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  • Gabriella H Axelson

How does one find gender equal sports news?

For one of my classes for my master's degree, I had to create a portfolio where I applied some of the research methods I had learned to answer a question. For this particular question, I initially used experience sampling as a way to see what content someone would see on a day to day basis, and how they came across this content. Experience sampling is a method where participants are asked to document their "experiences" with a topic decided upon by the research. While this method is usually found in the form of written journals, the progression of technology has made it that video, audio or photo-diaries can be used as well.


By using this method, I had hoped to show the amount of male-athlete focused news one came across, compared to female-athlete focused news. I had asked five people to keep track of all the sports content they came across over the period of one week/seven days, and asked them to track things like what content they found, where and how they found the content, and how accessible it was.


However, when I got the journal entries back from my five participants, I found that using this method only showed me what news they found, not how. The answering of the question ‘what’ did not prove to be valuable information. Not satisfied with the outcome of the experience sampling, I wanted re-conduct my research by using user experience so as to track the process it took for them to find sports content. I decided using this method instead would lead to better results because I would be able to better understand the steps participants took to get to the news content, and what content they came across along the way. This insight would help giver better insight to how an individual went about finding gender equal news in sports.


For this, I initially used experience sampling as a way to see what content someone would see on a day to day basis, and how they came across this content. By using this method, I had hoped to show the amount of male-athlete focused news one came across, compared to female-athlete focused news. I had asked five people to keep track of all the sports content they came across over the period of one week/seven days, and asked them to track things like what content they found, where and how they found the content, and how accessible it was.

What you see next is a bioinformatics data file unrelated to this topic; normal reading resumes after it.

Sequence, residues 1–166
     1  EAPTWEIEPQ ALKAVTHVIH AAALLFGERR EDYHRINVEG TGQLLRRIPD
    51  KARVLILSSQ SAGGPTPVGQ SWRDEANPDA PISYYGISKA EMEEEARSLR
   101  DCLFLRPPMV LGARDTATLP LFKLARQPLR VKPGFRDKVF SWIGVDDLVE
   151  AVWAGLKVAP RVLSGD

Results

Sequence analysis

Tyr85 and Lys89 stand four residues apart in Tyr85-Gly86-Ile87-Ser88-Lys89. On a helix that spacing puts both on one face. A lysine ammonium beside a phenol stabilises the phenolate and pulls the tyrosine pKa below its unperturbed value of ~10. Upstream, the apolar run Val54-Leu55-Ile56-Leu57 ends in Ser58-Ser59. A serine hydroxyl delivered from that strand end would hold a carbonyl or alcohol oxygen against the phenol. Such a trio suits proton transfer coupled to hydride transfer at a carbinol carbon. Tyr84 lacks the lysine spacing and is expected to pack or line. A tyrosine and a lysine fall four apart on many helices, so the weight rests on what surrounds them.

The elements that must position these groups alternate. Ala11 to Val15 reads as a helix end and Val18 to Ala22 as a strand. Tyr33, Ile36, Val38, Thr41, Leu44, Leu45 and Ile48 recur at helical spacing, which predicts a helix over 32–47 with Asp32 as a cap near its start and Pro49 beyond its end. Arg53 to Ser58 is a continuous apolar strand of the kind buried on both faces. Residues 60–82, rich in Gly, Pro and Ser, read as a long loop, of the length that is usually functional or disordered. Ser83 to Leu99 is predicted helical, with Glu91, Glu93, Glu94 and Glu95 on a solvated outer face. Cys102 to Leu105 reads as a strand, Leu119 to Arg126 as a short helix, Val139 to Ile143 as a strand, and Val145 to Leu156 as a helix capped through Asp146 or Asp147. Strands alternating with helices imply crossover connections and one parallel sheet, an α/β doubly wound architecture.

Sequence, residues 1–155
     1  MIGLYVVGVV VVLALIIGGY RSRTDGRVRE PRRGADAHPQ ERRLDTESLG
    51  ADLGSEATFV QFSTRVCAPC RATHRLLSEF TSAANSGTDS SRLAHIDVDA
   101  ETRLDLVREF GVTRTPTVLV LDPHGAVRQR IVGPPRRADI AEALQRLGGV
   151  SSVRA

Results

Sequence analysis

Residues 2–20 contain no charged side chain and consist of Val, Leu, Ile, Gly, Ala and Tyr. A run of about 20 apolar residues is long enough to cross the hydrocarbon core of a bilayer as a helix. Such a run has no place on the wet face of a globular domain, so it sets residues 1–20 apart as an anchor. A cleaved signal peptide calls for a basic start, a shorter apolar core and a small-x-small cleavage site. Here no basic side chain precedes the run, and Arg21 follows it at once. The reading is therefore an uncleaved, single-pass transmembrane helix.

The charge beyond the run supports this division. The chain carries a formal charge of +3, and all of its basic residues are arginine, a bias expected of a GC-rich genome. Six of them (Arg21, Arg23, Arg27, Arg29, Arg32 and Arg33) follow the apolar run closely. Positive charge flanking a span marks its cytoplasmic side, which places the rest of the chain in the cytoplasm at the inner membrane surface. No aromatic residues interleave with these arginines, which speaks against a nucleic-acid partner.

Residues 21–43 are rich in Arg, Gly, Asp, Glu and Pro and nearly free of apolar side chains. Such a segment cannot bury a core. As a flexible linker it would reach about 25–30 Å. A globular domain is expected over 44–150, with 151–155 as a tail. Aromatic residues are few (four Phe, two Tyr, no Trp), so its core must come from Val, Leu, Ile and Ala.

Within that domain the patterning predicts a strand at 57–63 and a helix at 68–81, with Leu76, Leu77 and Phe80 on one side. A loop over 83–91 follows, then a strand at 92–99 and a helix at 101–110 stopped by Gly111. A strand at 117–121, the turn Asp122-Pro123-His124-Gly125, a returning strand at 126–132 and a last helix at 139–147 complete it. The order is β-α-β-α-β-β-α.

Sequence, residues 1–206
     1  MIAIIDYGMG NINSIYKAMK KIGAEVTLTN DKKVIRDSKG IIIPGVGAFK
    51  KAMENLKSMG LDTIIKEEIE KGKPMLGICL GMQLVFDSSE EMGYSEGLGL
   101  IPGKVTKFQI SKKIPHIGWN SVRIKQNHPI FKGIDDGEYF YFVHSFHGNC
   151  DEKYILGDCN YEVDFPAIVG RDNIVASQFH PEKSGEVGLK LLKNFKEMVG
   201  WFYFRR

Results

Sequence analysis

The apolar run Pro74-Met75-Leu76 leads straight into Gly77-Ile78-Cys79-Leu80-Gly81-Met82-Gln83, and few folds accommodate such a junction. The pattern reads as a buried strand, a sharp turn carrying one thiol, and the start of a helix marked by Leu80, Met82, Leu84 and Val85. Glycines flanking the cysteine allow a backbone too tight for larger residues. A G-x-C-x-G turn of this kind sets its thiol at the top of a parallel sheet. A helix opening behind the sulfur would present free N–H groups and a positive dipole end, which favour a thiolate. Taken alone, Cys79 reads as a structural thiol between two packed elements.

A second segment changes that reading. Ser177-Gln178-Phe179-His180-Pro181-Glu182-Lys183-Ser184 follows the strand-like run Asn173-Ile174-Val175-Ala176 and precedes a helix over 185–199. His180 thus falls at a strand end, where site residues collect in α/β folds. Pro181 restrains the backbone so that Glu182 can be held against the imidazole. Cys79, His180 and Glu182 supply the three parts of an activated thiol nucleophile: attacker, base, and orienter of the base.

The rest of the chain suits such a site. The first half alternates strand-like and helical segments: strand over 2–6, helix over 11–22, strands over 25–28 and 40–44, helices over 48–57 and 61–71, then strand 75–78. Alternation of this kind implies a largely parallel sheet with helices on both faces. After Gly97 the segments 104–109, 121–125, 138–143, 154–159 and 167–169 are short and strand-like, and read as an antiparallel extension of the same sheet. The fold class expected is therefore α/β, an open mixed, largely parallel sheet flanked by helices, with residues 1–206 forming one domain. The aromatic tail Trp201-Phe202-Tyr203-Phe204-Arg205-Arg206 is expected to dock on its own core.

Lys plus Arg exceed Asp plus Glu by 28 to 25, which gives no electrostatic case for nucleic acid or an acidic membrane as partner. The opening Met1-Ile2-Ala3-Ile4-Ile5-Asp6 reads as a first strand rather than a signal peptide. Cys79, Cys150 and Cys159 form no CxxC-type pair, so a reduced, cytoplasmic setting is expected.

However, when I got the journal entries back from my five participants, I found that using this method only showed me what news they found, not how. The answering of the question ‘what’ did not prove to be valuable information. Not satisfied with the outcome of the experience sampling, I wanted re-conduct my research by using user experience so as to track the process it took for them to find sports content. I decided using this method instead would lead to better results because I would be able to better understand the steps participants took to get to the news content, and what content they came across along the way. This insight would help giver better insight to how an individual went about finding gender equal news in sports.


Since the participants lived in a different country, I had them screen record the process, while talking to me about what they were doing and why (due to technical difficulties, I only received two of the screen recordings). When setting up the app, I instructed the participants to select at least one women’s league, and at least one men’s league, the rest was up to their own personal preference. After the app was set up, I had them navigate through the app, and explain to me what they were noticing and what their thoughts and opinions were. The only other instruction I gave each participant, was to walk me through how they would search for news specific to the women’s league they chose, and how they would search news specific for the men’s news they chose.


What I found interesting was that two of the participants went immediately to the ‘scores’ or ‘news’ section, without looking at the content found on the ‘favourites’ section (the section the app went to automatically when it was first set up). When asked why they did so, they explained that the scores or news was what they were most interested, and did not like that there was only one section that was catered specifically to their interest. When asked what they thought of the app overall, two did not like the layout, as it had too many options and only one of the sections was specific to the personalization’s they made while setting up the app. The last participant explained they liked this app because it was easy to use (especially when they wanted to find a specific result). All three participants noted that the news content was predominantly male, however, the app did offer one of the easiest ways to find female focused news (compared to other sports news apps they used).

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